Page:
Before the Holidays I mentioned that I was rereading Bryan Ward-Perkins’ The Fall of Rome: And the End of Civilization. Why do I hold this book in such high esteem? Because of figures such as the one to the left. Granted, this chart is not from The Fall of Rome, but that book has an extensive bibliography which drew me to research on long term trends in pollutant concentrations. What you see illustrated are variations in the concentration of lead in ice cores from Greenland. Why is lead so important? Because it is a noxious byproduct in various primitive metallurgical processes. The basic thesis that Ward-Perkins fleshes out in great detail in The Fall of Rome is that the material basis of European life suffered a sharp regression after the collapse of the Roman Empire. In short the fall of Rome was the end of civilization, and what came after was coarser and more elementary in character. This may seem “common sense,” but it is actually a matter of some dispute and debate in the academy.
When discussing this issue there are two primary objections which always seem to come to the fore. First, after the de facto collapse of the West Roman imperium in the first half of the 5th century there were other societies of importance and grandness on the historical stage (see The Inheritance of Rome, When Baghdad Ruled the Muslim World, and China’s Cosmopolitan Empire). Far to the east of faded Rome Tang China’s glory waxed in the nadir of the European regression between 600 and 750. More well known to Westerners, the same period saw the apogee of Arab Islamic civilization. But the data above indicate that the industrial production of these two polities did not match that of the period around the peak of the Roman Empire. I refer here to period, because of course the Roman Empire flourished at the same time as Han China, and Sassanian Persia. The collapse of the 5th century was not a collapse of civilization as such, but of the western terminus of the oikoumene. And this decline was not compensated for by greater vigor in the Islamic center, or Chinese east.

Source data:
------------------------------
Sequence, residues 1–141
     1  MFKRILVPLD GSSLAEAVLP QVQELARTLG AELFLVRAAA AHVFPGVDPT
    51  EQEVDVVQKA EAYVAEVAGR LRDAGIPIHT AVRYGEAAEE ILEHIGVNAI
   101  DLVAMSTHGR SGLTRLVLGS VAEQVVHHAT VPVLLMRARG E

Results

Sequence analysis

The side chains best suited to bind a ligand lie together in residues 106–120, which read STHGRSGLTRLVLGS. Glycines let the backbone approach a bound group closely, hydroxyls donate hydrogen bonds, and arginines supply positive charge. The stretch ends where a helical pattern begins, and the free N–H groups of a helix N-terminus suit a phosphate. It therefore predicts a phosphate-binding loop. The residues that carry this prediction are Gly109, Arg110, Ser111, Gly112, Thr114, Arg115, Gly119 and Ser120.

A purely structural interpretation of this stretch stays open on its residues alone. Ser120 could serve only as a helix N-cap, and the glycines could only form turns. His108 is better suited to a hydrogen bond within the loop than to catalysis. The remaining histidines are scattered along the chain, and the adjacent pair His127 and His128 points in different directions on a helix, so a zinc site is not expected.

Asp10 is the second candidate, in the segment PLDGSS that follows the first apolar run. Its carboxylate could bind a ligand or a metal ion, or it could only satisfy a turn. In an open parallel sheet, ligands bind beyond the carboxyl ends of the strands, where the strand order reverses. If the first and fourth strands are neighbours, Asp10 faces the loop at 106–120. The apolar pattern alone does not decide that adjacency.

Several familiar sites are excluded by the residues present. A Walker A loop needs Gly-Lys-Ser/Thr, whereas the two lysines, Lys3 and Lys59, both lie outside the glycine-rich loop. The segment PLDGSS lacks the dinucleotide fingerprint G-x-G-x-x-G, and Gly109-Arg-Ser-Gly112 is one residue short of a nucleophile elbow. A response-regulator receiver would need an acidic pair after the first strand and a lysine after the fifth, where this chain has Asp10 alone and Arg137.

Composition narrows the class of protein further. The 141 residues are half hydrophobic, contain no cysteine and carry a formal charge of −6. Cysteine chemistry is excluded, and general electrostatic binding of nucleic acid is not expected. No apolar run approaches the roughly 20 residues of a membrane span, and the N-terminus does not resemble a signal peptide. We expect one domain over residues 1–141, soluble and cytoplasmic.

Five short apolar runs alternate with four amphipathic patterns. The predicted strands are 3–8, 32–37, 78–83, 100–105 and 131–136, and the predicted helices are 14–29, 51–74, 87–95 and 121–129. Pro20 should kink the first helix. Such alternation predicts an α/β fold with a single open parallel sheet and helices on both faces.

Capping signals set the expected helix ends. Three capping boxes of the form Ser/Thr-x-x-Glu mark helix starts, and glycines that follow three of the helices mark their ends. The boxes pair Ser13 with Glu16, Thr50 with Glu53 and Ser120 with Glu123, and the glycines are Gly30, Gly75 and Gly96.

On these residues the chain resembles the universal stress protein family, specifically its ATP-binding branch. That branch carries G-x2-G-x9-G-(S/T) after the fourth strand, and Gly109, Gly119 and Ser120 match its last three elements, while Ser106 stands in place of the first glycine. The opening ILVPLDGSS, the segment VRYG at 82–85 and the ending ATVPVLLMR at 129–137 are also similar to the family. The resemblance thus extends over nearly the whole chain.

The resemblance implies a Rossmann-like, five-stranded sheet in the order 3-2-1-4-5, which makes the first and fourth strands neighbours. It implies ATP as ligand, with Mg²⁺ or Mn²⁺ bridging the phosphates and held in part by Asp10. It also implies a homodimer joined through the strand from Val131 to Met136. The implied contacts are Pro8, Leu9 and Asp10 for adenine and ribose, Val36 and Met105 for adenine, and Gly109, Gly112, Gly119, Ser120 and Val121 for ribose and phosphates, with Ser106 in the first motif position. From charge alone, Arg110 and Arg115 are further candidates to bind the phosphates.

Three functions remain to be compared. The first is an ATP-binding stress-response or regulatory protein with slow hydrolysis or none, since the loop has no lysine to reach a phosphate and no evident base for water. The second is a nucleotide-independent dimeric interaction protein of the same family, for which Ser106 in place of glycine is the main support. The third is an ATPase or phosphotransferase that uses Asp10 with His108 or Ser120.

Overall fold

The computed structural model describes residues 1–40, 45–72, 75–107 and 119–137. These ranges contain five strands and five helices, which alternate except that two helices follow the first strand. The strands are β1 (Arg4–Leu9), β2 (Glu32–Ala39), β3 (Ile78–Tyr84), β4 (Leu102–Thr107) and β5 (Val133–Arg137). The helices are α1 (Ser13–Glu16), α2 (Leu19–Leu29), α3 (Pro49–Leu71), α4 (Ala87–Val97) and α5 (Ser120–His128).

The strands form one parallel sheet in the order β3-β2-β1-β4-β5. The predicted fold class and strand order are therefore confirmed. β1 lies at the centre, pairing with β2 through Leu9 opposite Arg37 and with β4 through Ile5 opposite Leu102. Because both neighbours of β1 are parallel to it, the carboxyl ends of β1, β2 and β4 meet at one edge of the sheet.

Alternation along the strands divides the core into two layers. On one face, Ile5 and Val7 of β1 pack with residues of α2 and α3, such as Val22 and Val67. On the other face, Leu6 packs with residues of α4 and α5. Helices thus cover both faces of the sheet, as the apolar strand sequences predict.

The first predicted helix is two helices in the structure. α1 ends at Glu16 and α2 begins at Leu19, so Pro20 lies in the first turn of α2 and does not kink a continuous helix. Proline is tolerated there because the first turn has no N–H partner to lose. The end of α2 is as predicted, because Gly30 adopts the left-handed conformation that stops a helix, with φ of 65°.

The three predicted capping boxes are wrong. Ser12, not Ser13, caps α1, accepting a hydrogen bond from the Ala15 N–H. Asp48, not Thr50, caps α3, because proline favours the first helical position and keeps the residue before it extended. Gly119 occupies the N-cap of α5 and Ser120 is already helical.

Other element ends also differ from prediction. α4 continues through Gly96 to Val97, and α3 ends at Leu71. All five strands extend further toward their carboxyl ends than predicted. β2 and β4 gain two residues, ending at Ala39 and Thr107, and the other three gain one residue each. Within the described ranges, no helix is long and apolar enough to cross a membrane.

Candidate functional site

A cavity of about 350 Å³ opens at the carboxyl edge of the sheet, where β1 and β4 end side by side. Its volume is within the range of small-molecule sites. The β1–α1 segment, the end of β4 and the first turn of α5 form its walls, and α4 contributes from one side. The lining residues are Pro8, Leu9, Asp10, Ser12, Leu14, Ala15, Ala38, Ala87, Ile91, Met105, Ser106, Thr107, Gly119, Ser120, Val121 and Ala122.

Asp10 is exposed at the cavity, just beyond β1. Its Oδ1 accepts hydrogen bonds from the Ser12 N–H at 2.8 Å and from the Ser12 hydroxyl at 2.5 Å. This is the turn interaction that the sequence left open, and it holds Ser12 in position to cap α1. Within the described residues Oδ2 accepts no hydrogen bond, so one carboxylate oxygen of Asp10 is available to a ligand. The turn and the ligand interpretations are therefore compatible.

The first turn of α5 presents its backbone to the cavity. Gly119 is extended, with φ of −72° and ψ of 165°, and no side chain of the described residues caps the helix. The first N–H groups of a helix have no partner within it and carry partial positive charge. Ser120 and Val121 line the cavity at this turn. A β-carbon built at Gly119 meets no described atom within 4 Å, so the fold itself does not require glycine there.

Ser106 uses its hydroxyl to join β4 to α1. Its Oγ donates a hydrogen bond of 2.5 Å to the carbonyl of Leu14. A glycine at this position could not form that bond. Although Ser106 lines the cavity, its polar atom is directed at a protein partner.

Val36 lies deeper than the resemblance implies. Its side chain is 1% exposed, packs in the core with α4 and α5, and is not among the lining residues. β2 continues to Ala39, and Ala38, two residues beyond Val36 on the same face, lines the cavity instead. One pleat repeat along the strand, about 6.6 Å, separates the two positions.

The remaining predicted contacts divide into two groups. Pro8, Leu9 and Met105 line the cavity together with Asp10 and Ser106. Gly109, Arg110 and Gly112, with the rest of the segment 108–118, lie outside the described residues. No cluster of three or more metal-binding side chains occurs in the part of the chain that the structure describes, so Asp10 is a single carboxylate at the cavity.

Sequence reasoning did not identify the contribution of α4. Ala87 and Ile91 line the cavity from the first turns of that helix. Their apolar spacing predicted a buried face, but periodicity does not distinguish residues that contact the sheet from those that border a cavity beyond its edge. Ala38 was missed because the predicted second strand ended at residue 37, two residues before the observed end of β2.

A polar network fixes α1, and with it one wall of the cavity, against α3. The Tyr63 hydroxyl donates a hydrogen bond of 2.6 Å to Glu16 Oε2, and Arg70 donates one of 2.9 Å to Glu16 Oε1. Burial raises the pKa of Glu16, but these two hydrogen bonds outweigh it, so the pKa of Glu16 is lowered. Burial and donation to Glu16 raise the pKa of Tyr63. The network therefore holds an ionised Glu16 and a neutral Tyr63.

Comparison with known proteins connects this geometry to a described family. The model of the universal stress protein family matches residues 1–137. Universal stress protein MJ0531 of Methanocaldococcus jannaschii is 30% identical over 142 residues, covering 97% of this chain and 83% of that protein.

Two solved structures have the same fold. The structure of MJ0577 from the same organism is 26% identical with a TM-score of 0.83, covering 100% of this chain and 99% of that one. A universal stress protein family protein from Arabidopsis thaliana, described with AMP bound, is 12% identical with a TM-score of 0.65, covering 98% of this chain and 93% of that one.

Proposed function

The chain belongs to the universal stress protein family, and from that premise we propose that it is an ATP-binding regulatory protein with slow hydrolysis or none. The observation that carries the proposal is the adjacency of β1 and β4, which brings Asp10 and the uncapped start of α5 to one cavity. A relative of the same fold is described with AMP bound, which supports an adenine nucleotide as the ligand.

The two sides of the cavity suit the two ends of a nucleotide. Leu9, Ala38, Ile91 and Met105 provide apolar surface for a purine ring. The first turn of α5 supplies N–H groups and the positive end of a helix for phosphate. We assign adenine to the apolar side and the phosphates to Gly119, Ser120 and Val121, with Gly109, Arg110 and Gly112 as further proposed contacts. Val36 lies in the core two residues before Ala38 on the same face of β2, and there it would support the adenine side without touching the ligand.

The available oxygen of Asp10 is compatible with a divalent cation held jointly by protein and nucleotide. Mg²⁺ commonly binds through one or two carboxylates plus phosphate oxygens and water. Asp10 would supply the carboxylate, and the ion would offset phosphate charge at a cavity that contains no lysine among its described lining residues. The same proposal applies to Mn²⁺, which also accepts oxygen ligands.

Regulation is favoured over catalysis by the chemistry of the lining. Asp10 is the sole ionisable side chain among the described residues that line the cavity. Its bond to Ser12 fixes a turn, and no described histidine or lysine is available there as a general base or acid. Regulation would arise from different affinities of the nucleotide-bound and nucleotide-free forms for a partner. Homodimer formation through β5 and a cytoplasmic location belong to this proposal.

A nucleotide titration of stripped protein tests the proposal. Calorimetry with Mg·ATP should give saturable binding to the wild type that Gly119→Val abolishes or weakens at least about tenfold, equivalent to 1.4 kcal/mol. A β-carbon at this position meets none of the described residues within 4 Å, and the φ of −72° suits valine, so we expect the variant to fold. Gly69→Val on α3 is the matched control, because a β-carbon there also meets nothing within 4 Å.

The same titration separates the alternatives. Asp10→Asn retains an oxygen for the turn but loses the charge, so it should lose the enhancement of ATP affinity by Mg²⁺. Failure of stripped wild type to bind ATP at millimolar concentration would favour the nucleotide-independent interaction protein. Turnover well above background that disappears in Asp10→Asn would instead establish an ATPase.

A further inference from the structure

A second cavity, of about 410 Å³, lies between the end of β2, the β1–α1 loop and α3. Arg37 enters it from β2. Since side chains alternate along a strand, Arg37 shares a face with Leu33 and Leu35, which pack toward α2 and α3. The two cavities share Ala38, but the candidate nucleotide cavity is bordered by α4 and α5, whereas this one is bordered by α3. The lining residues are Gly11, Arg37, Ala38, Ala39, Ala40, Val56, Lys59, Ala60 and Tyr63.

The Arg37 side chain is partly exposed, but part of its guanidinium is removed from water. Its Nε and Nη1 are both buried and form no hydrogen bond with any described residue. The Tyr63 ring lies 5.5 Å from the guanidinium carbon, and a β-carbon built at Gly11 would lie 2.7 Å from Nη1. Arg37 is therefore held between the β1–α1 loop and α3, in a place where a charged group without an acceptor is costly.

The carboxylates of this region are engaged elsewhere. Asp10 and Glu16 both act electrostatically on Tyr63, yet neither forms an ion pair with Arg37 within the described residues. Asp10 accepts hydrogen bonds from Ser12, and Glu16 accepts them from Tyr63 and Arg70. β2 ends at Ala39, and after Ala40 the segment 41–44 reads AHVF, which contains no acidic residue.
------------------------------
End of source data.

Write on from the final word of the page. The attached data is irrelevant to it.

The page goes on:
A materialist perspective has the elegant attribute that it is less malleable in the hands of those with stylistic polish and the will and skill to engage in selective massaging of sources. I can assert plausibly I think that that the classical civilization which produced Thucydides, and later Polybius, Tacitus, and Ammianus Marcellinus, was superior in the fineness of its high culture than that in which Jordanes or the Venerable Bede flourished. But if an individual is clever, erudite, and set in their proposition, it will be impossible to definitively refute someone who holds that 8th century Anglo-Saxon England was no less cultured than 5th century Athens or 2nd century Rome. And if the exposition of the counter-intuitive position is placed in the hands of a cunning sophist, and the one who endorses common sense is plain and less learned, then the battle is already lost before it is begun. Terms like “superior” and “cultured” are slippery, and the whole enterprise of grading societies is held in bad odor in our age. A barrage of facts curated with intent to support a preposterous thesis can overwhelm simple sincerity. But the quantitative consequences of material production are not as contextualized or easily problematized. It is simply fact that proto-industrial production in the post-Roman world had regressed, and with it an array of material comforts and minor luxuries vanish from the record or become very rare. The dull can defeat the sly simply by pointing to the angle of the line on a chart.